Attorneys in Michigan and elsewhere are still trying to get information about and access to people detained at ports of entry. That’s after Friday’s immigration order signed by President Trump.
The order bars people from seven Muslim-majority countries from entering the U.S. and suspending the entry of refugees.
Michigan has a large population of residents from Iraq, Yemen, and other countries targeted in the order.
Susan Reed is the managing attorney at the Michigan Immigrant Rights Center. She says the immigration order is a blend of unconstitutional actions and things the president is allowed to do.
“To be honest, I’m really still digesting and looking to constitutional law experts myself to more deeply understand that and there’s a lot of learning and conversation that we have to have,” she says.
Lawyers in several states filed lawsuits, some resulting in federal judges blocking parts of the executive order.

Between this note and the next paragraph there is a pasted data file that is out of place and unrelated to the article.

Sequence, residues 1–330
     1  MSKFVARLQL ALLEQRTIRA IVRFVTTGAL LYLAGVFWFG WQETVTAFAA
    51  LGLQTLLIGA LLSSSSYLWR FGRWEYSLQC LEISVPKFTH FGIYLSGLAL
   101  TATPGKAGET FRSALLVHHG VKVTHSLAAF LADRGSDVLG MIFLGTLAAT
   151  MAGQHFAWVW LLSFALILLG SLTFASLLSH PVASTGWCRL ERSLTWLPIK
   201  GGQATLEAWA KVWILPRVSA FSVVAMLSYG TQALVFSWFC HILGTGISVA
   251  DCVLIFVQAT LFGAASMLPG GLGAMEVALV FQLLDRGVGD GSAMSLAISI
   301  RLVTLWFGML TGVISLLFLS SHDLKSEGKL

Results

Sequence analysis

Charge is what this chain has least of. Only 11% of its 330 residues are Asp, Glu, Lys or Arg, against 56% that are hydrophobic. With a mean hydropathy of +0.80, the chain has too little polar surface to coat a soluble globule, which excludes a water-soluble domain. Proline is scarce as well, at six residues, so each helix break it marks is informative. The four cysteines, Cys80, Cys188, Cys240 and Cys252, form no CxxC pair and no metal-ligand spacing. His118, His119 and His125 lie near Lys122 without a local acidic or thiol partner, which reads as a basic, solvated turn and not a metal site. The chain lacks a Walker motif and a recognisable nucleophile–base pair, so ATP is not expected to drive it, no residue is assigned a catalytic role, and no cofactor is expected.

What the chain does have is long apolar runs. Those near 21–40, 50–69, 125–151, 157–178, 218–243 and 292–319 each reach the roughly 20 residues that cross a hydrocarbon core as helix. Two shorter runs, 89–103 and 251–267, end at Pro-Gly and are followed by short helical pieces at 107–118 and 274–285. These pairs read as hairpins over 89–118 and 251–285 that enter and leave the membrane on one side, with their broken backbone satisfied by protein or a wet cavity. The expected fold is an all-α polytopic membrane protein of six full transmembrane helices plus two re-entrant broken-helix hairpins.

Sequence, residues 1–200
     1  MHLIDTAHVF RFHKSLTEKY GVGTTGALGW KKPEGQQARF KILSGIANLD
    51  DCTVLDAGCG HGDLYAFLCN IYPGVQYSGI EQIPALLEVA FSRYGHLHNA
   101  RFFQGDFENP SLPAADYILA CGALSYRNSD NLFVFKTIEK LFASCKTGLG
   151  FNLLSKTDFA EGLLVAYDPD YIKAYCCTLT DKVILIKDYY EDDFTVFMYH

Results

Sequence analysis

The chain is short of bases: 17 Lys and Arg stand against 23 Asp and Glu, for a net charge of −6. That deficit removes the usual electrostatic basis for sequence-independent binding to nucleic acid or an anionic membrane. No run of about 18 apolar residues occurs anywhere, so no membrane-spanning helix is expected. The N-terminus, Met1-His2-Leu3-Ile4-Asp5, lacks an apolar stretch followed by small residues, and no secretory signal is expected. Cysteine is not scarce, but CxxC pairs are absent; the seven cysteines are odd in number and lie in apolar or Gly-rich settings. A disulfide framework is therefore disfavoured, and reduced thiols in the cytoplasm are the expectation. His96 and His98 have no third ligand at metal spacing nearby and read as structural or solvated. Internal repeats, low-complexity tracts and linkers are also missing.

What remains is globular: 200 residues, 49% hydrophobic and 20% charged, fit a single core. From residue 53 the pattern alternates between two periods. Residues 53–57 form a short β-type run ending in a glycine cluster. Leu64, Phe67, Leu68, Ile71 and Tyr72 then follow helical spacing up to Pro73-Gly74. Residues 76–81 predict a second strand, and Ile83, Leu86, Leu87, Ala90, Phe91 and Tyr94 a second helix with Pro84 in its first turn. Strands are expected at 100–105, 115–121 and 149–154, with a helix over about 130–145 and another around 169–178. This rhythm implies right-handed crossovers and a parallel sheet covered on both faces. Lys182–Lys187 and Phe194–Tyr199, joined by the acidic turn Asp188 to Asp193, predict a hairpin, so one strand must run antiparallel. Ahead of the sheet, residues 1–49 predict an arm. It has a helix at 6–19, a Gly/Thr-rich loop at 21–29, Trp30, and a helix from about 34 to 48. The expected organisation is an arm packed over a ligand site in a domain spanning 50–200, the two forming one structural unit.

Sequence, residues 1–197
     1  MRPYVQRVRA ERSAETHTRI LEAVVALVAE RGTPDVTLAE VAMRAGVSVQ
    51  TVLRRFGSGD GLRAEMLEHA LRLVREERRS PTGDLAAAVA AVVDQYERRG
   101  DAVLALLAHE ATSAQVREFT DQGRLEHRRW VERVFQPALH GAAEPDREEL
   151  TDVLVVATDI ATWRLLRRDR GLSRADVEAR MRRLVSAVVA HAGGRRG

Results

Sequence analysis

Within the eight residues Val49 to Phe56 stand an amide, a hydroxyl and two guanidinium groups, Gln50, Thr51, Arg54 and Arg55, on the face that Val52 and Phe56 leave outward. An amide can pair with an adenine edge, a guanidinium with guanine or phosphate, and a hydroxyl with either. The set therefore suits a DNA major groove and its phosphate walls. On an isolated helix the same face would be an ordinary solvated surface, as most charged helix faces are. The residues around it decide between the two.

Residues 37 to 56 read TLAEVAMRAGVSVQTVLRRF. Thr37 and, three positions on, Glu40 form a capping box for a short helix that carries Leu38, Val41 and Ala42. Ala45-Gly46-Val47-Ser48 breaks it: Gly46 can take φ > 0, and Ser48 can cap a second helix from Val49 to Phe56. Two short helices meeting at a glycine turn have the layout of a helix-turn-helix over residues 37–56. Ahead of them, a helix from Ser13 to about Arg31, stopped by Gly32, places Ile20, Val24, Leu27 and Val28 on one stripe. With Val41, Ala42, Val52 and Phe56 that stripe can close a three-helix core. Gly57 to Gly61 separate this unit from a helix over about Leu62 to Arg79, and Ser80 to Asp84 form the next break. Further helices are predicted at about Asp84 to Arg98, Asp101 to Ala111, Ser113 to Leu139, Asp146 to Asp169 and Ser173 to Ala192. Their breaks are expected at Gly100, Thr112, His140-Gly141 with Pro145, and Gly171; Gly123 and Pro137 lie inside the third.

Reed says they haven’t filed any lawsuits yet, but, “Our participation in a challenge is certainly a possibility. We are truly just trying to field emergencies and communicate with folks as things are happening.”
In the meantime, Reed adds that their organization has been overwhelmed with questions in the days after the order was first signed.
“I spent much of Saturday trying to develop legal education materials, warnings to people not to leave who might be innocently departing the US,” she says.
White House press secretary Sean Spicer defended the order saying it is, “about the safety of America.” President Donald Trump defended the order in a Tweet that read, “There is nothing nice about searching for terrorists before they can enter our country.”